The Big Apple
NYC Studio Visits
NEW YORK, NEW YORK
In October 2009, designworkers Emma Kaniuk and Amber Parkin visited New York City. While there, aside from eating hot dogs, attending book design lectures (one apiece), shopping and soaking up the cultural milieu of the city, they had the opportunity to visit two design studios - ESI Design and Farneheit212. Below, they share their thoughts on the experience.
ESI Design is an experiential design firm. From the moment we stepped out of the lift, we were immersed in a world of interaction – the reception area was filled with games to aid learning, displays and timelines. They organized us to meet with writer Kemp Baldwin, who took us through what exactly an experiential design firm does.
Founded in 1977 by collaboration champion Edwin Schlossberg, ESI approach their work from a customer journey perspective; they are most interested in how do people relate to environments and how do environments relate to people. We especially enjoyed learning about their work for the Shanghai 2010 Expo Corporation Pavilion – an inspiring ‘Dream Cube’ that will showcase the dreams of Shanghai residents and visitors through new technologies that enable communication and collective creativity. The immersive journey will also allow visitors to transform the look of Pavilion through interactive technologies that translates their gestures and movements into dramatic visual changes of light across the building’s surfaces.
Farenheit212 are an innovation consultancy who are driving top-line growth for the by creating transformational products, brands and businesses. As they say, it’s all about “Skill. Velocity. Outcomes!”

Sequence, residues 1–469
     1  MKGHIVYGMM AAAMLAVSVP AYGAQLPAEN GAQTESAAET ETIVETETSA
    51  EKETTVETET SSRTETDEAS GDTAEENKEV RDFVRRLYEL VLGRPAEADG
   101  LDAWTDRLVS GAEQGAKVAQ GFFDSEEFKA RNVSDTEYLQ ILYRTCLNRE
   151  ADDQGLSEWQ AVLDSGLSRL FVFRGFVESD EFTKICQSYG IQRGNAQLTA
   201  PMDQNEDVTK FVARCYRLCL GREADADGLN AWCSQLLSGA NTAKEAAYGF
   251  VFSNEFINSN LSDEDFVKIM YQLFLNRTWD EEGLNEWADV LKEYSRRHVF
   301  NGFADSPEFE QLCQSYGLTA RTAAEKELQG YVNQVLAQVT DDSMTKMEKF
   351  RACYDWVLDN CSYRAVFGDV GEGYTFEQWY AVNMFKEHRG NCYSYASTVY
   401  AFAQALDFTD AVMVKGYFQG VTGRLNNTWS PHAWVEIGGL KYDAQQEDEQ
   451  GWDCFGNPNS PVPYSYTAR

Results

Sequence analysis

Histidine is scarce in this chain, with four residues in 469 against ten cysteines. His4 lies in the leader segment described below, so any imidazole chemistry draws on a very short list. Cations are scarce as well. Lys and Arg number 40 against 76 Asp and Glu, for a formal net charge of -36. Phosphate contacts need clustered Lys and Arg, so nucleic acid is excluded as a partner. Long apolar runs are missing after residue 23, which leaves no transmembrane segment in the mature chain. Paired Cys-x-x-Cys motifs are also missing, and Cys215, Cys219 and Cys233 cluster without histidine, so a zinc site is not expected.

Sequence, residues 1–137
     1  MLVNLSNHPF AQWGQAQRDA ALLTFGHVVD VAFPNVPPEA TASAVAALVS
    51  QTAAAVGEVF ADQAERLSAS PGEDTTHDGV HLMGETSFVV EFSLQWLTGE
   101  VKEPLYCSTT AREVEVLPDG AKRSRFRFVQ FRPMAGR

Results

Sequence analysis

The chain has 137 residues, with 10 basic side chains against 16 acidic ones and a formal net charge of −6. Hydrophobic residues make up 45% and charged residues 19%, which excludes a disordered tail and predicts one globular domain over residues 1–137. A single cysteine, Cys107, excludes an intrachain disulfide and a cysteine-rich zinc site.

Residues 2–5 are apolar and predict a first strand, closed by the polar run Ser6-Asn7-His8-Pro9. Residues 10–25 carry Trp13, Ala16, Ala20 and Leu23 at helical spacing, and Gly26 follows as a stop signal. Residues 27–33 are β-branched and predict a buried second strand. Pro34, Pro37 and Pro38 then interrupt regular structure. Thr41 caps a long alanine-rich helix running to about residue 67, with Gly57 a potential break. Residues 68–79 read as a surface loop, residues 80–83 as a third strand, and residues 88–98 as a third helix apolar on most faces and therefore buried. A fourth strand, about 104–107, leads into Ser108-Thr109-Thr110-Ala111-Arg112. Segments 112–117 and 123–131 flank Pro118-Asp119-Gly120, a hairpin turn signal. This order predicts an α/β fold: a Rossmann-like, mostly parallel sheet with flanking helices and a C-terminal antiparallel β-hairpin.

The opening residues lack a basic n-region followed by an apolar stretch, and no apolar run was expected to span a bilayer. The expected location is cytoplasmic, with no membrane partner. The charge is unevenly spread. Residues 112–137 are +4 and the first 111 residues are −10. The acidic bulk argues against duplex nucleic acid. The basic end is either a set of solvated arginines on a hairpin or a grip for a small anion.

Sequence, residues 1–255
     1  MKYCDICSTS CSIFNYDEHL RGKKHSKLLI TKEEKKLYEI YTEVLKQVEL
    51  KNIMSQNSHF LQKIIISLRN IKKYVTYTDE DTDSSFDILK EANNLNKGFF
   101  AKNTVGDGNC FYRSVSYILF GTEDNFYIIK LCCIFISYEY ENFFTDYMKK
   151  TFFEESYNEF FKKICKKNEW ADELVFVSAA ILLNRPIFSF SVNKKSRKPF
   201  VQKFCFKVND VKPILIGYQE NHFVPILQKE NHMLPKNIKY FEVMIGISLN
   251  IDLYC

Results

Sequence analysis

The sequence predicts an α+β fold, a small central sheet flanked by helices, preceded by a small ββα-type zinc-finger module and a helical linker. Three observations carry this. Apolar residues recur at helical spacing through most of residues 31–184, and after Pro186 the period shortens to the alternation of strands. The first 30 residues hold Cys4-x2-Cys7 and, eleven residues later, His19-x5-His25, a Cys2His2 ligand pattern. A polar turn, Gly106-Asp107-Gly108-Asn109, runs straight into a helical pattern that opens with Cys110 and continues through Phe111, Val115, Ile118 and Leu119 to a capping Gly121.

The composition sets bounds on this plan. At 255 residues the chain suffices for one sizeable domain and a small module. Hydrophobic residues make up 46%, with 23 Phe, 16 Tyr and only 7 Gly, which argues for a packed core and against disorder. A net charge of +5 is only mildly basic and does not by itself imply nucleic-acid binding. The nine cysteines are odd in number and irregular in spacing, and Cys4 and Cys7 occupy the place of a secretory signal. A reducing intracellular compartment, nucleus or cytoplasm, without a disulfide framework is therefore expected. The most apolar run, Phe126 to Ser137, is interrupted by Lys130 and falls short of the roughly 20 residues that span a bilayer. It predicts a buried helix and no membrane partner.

These guys set up initially in Auckland and are now based in Manhattan. We met with Kiwi Geoff Vuleta who graciously talked us through their process and some of their exciting projects. Viresh Chopra, Head of Design, then took us around the studio, a fantastic ‘hands on’ prototyping environment.
One thing that amazed us was the speed and volume with which they put ideas out on the table. For any one of their projects they put out a whole range of significantly different concepts. They had complete and implicit confidence in each of these ideas. We think that’s a brilliant American trait; people don’t question that they are ‘right’ for job - they trust in a positive outcome. In comparison, when New Zealanders are putting work on the wall, we sometime act a bit apprehensive and apologetic. That said, we are world champions at stepping back and asking how we can improve our work, or approach things from another angle.
We left NoHo that day feeling incredibly inspired and pondering how we too could harness that mix of American chutzpah and kiwi curiosity that characterizes Fahrenheit.
Special thanks must go to Geoff Suvalko, former Designworks partner and current East Coast resident, who kindly organized these visits.